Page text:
3. So I am NOT retired. I was medically separated then took FED position. I divorced in 2015 with the court order to relinquish 50% of retirement based on the date of separation MAR 2014. I have not bought back my military time. Would it benefit me more or my ex to buy the time back now and retire from the FED in 9 years at 25 in?

    • We aren’t qualified to answer questions about the affect of court ordered settlements on retirement benefits. You’ll have to consult an attorney to find out if the language of that order applies only to benefits earned up to the day you divorced or to the ones you’d be entitled to when you retire.

  4. If you are a reservist who qualified for a reserve retirement (but which won’t kick in for a few years) and bought back all your military time in FERS, but then returned to military service and obtained a regular active duty 20 YOS retirement, would there be a way to waive the active duty retirement at age 60 in preference for the reserve retirement in order to qualify for both the reserve retirement and the FERS retirement? The way the law appears written one cannot qualify for the reserve retirement if you qualify for the 20 YOS active duty retirement. But it would be more advantageous when the reserve retirement would have kicked in to have both the FERS retirement (for which the years were already bought before qualifying for the active duty retirement) and the Reserve Retirement. And if the military years were already bought before qualifying for the active duty retirement to avoid interest payments, it would seem to be a bit unfair for FERS to keep the money for years only to come to find out at the end that the bought years were useless.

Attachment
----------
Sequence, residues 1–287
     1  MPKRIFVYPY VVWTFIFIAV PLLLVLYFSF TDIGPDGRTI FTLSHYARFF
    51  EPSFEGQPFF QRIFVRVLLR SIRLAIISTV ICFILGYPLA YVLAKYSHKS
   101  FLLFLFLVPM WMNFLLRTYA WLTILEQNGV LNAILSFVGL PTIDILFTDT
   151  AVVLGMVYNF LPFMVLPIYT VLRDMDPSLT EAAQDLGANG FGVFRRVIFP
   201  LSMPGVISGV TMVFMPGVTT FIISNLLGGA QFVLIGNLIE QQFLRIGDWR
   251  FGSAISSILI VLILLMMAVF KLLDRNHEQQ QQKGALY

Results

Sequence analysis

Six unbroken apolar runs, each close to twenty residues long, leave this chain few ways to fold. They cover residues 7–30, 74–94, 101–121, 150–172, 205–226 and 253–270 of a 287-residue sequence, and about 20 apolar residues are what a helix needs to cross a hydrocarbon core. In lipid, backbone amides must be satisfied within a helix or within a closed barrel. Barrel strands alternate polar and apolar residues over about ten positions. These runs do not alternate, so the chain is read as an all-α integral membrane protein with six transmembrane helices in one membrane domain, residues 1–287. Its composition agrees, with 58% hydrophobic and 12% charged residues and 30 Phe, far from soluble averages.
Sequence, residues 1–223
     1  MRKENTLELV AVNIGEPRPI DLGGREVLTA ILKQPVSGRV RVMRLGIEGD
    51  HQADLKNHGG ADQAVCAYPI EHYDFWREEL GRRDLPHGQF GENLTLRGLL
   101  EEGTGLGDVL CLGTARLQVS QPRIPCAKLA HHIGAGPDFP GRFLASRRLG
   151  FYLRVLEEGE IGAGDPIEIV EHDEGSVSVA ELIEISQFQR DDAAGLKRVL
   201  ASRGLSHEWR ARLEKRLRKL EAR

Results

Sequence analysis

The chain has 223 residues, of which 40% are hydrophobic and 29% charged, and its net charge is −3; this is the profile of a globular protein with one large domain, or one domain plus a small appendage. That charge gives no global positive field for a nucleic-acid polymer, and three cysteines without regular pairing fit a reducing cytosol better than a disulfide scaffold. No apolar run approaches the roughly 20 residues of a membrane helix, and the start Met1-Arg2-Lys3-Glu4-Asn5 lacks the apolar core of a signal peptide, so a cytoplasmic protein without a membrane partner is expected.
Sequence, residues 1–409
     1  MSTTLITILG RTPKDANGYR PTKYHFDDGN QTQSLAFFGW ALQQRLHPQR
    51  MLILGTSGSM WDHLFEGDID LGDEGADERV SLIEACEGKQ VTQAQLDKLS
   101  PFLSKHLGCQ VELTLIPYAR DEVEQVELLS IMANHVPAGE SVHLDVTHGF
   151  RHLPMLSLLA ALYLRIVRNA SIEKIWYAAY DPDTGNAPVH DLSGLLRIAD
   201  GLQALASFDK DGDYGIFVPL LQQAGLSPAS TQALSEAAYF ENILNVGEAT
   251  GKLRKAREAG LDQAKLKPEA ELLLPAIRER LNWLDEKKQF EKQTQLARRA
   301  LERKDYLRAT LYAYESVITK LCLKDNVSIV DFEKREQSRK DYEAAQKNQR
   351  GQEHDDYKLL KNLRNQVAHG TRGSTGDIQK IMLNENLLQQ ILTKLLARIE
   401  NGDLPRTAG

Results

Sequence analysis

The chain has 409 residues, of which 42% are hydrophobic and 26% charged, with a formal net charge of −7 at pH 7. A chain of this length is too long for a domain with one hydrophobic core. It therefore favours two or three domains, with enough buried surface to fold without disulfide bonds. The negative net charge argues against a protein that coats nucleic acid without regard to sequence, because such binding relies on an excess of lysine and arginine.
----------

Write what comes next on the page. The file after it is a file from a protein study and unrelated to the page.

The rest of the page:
5. I did 16 years 1 month in the Military Service, I wanted to know if I buy back my time how many years should I complete before I be able to retire?

  6. 20 year retired military that receives a monthly retirement, also VA service connected veteran at 30%. Currently a FERS employee that paid $14k to buyback my military retirement. This December I will retire from FERS with 35 year(15 actual and 20 year military). When I retire I will no longer get a military retirement but will get a FERS retirement, my question what happens to the 30% VA disability that is currently taken out of my military retirement and deposited separately? Since I am not 50% I am not entitled to concurrent receipt? Call the VA and DFAS and neither one could give me an answer. For those that are asking why I would do this, because I opted not to get SSB when I retired from the military, but now I want SSB through FERS, so combining buying back my military and combining my military retirement and FERS retirement my spouse will recieve a nice monthly check when I pass.

    • Unfortunately, we can’t answer your question. We are only able to answer questions about civilian benefits.

  7. I retired after 20 years of active duty, and have been receiving the standard military retirement pension. Because I divorced, my ex-spouse has been entitled by-law to half of that pay, which DFAS has automatically been deducting from my pension and paying to her. After military retirement, I took up a federal job. I’m now 56 years old, my agency’s minimum retirement age. If I buy back my military time in order to get credit towards federal retirement, does this have any affect on the by-law payment of the military retirement that my ex-spouse has been receiving?

    • If you want to get credit for your active duty service, you would have to make a deposit for that time AND waive your military retired pay. That would cancel your wife’s payments and be a violation of the terms of the divorce agreement. Whether it would be possible to have her payments taken out of your salary instead is something the court would have to determine.